Taylor Swift has asked for a copyright lawsuit against her to be dismissed.

The 28-year-old singer was sued by songwriters Sean Hall and Nathan Butler in September 2017, who claimed her 2014 single 'Shake It Off' - which had the chorus, ''Players gonna play, play, play, play, play, and haters gonna hate, hate, hate, hate, hate'' - ripped off 'Playas Gon' Play', a track they wrote for girl group 3LW in 2001 which featured the phrase, ''Playas, they gonna play, and haters, they gonna hate.''

But lawyers acting for Taylor have argued the phrase ''players gonna play and haters gonna hate'' is a musical cliché and should be in the public domain.

In a motion to dismiss obtained by the New York Post newspaper's Page Six column, the legal team wrote: ''There can be no copyright protection in 'playas, they gonna play and haters, they gonna hate,' because it would impermissibly monopolise the idea that players will play and haters will hate.

''Plaintiffs' claim to being the only ones in the world who can refer to players playing and haters hating is frivolous... Providing a copyright monopoly in the phrase would prevent others from sharing the idea that players play and haters hate.''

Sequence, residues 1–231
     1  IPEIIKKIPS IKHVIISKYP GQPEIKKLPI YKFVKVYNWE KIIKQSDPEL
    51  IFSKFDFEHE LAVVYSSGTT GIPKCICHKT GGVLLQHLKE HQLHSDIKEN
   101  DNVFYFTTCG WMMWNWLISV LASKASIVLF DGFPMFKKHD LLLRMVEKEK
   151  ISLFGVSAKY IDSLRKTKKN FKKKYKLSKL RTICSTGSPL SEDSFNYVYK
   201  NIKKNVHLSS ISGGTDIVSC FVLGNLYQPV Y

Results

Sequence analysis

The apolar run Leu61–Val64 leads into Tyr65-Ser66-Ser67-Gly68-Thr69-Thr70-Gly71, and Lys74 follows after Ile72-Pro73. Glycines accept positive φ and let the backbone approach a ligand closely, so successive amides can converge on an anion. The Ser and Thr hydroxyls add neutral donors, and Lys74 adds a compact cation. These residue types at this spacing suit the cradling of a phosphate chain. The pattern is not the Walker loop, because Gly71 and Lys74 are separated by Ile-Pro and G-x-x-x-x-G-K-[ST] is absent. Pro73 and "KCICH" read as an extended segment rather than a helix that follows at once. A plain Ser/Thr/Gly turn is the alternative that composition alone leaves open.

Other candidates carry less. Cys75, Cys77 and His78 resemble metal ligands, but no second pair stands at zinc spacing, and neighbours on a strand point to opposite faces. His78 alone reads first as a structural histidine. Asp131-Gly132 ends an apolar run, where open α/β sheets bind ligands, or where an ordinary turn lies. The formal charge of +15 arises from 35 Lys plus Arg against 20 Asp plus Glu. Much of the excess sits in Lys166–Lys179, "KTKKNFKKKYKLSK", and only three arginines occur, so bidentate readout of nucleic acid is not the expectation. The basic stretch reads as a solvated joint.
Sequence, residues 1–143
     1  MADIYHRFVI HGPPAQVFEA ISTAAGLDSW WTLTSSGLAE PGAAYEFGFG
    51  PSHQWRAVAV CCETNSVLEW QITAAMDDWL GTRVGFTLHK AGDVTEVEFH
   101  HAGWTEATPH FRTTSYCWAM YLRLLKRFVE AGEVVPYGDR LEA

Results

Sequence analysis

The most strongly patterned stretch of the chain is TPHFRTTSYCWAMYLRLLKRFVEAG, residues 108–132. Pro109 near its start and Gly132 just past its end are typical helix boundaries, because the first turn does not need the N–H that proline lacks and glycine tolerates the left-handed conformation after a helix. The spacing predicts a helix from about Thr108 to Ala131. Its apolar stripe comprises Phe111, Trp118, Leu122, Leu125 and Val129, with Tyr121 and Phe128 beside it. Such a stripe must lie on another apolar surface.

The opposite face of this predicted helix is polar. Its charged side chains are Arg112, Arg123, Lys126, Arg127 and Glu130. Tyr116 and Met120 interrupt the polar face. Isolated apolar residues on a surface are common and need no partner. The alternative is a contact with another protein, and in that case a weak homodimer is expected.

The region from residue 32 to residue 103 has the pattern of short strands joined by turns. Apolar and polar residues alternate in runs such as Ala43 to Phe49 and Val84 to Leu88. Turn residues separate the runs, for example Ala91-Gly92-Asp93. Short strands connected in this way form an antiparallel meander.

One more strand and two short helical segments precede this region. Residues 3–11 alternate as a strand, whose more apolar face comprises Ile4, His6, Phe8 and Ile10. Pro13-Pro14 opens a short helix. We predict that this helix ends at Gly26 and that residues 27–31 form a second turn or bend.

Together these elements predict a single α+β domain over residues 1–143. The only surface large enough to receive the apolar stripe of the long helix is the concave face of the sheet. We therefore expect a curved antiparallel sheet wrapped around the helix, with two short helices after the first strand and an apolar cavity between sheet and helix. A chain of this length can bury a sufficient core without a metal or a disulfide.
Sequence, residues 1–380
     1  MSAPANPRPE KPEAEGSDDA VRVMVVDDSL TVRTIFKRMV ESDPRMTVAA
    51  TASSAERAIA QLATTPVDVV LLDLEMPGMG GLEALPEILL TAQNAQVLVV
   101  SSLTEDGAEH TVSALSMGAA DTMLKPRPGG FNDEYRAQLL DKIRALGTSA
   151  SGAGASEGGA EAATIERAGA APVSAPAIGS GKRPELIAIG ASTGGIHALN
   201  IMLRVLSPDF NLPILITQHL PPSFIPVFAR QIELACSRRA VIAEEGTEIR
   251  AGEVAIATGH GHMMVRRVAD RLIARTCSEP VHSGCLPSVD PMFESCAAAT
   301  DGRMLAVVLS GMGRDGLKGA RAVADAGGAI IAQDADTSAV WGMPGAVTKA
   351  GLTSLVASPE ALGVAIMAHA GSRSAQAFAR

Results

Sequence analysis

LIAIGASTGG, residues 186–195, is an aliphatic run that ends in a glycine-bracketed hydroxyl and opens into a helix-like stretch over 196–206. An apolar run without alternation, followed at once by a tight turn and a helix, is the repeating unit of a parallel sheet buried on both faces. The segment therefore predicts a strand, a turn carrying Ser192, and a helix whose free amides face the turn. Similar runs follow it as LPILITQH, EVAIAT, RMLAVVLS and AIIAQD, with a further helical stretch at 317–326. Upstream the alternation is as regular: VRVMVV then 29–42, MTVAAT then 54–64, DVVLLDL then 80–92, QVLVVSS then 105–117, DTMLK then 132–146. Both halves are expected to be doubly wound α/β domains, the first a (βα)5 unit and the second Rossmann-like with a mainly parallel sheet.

The lawyers went on to argue the concepts were ''public domain cliches'' and insisted courts have consistently held that short phrases cannot be copyrighted.

They also cited other references to ''players'' and ''haters'' in pop culture, including Fleetwood Mac's 1977 single 'Dreams' and 'Playa Hater', a 1997 track from Notorious B.I.G..

A spokesperson for the 'Gorgeous' singer previously slammed the lawsuit as ''ridiculous'' and a ''money grab''.

They said: ''This is a ridiculous claim and nothing more than a money grab. The law is simple and clear. They do not have a case.''